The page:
Back in Bangkok, on our various taxi journeys around and through the city, we have seen a vast amount of new buildings springing up left right and centre. But, these aren’t places for your everyday hard worker of Bangkok. The hoardings on the outside of the building sites are all showing photographs and descriptions of luxury new apartments, fancy restaurants or five-star hotels, and this is the way that Bangkok appears to be moving. It has the feeling that the city now has so many foreigners, predominantly from China and Asia. The city has the feeling that is trying to cater more to the high end, wealthy foreigners. I am informed that the price of living in Bangkok has shot up significantly over the last few years, and that the development of these new fancy high rises is partly an outcome of that. There is a feeling that Bangkok and to an extent some of the island locations as well, are trying to target the long weekenders and people who stay short term. The idea is to attract short term visitors and get them to spend a lot over a short period of time, rather than to attract longer term visitors who maybe spend smaller amounts, but over a longer period of time. There are a huge amount of high-end and expensive shopping malls across Bangkok – all filled with designer shops across multiple floors. The desire to attract wealth to Bangkok is there in plain sight for all to see. But it does make me wonder how long the backpacker scene can realistically continue. Maybe because I am not backpacking, I have seen a different perspective. I have seen Bangkok from a locals perspective and insight. But from my time in the city, it definitely feels like the city is targeting a specific market – the rich! I am sure if you’re a backpacker, you can travel and eat cheaply and continue to do that if you know how. I am sure there will always be places that want to attract that industry – but for the locals living in Bangkok, the prices are rising, the cost of living increasing more and more and the young people struggling to afford things in the same way as perhaps they could ten years ago. Sounds a little bit like the UK!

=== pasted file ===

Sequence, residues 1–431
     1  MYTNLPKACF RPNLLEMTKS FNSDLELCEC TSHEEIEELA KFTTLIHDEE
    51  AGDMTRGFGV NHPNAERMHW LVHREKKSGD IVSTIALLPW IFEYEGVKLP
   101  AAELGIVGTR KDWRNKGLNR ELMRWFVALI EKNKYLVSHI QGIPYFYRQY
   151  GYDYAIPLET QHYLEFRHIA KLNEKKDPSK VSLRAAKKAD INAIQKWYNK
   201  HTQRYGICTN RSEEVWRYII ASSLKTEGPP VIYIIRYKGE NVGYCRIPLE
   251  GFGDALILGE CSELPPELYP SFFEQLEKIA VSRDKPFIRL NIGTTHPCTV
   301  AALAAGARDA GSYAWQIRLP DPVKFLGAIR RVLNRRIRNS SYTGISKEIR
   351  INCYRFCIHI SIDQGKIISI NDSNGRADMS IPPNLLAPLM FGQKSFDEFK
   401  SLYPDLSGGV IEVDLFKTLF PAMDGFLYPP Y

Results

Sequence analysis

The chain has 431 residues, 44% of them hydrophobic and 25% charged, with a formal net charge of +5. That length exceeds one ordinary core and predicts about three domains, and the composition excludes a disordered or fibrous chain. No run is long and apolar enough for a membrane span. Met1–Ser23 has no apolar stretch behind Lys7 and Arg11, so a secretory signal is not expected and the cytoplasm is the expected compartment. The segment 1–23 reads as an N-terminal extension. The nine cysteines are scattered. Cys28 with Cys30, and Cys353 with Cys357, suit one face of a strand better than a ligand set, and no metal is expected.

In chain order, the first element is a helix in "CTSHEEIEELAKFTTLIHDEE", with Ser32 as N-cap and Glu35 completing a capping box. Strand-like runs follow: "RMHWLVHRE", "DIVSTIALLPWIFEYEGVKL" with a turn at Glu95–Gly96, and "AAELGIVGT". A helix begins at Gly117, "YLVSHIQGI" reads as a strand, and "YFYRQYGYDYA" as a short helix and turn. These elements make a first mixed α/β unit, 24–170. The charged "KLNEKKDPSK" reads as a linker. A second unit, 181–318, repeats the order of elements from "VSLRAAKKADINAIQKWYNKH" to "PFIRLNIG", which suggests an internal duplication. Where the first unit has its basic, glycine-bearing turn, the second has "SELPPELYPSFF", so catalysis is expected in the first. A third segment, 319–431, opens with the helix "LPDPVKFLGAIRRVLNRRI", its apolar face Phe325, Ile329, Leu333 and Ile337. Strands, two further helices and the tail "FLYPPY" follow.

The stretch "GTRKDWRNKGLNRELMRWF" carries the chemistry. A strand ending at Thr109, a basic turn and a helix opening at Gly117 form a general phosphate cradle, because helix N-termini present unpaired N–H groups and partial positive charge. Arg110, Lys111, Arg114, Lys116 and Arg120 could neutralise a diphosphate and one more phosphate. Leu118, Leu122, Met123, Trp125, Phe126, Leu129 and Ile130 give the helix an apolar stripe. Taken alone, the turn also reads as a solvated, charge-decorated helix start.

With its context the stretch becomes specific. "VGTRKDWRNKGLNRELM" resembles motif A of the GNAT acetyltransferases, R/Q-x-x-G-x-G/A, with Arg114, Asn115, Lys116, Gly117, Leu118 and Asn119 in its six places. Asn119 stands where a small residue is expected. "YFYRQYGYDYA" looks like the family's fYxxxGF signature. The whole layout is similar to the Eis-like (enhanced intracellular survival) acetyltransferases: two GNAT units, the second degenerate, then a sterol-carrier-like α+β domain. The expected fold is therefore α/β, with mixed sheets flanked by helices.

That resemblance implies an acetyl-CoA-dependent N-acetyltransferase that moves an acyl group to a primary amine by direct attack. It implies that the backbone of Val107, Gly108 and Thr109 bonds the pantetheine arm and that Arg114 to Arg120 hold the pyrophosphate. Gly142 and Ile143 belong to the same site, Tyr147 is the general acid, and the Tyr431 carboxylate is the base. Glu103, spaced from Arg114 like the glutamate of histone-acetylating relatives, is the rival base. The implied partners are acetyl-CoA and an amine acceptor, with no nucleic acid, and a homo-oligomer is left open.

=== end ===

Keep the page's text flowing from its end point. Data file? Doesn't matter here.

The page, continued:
Fishermans Village, Bophut Beach, Koh Samui Island

But the islands of Thailand need tourism and the substantial money it generates to help preserve and maintain the beauty of the islands, to help protect them. On Thursday, we travelled to Ang Thong National Marine Park, which is a collection of 42 islands in the Gulf of Thailand. We visited two of the islands. Despite being off-season, there were in my opinion still a significant number of tourists, from a handful of different tour companies, although I was told that it was actually relatively quiet compared to the height of summer. Despite that, the beaches and the islands were impressively clean and litter free. The islands had been set up for tourism, with the beaches having a couple of stalls selling drinks and ice creams and so on, and on the bigger of the two islands that we visited there was also a restaurant and a campsite. How the islands differ in the summer is hard to say, but I got the impression that Ang Thong National Marine Park was making a conscious and considerable effort to keep the beaches and local marine life protected, whilst also welcoming and promoting the positive affect that tourism can play. The two can go hand in hand and support one another, in fact they probably need too in my opinion, it just has to been done with carefulness and thought to ensure that both the environment and tourism industry can thrive simultaneously.

I have been on Koh Samui for 3 days now and I am here in the off-season. You can tell, the restaurants and bars and only half full at best, the hotels and resorts a similar story. It doesn’t take much to imagine the island in full swing in the height of the peak season though. I am always someone who prefers to spend my money in the local shops and restaurants as opposed to any big chains. I feel that supporting the locals and independents is an important part of travelling wherever you visit, even if only in the UK. On Koh Samui, we had the option of staying in chain hotels but opted for independent and we paid a fantastic price for the places that we stayed and wholly enjoyed our time in them.

Would I come back in peak season – perhaps. I am always very conscious of the environmental footprint that I leave behind, however, I am also keen to support such precious and incredible parts of our world. For sure, being on the island when there are more tourists has its benefits – a more active and social nightlife scene being one, but I think we all have to consider the reasons why we want to visit these places of natural beauty and whatever your own personal motivation for visiting, we should all at least do our bit as best we can to consider the environment footprint that we leave behind. Has Thailand been over-touristed? Is travelling in Thailand changing from what it was one like maybe ten years ago? The next few years will be interesting for Thailand to see what direction it goes and to see what type of traveller it attracts more…

The Mud Hotel Resort, Koh Samui Island
2019-04-08T01:39:14+01:00April 7th, 2019|Environmental, Photography, Travel|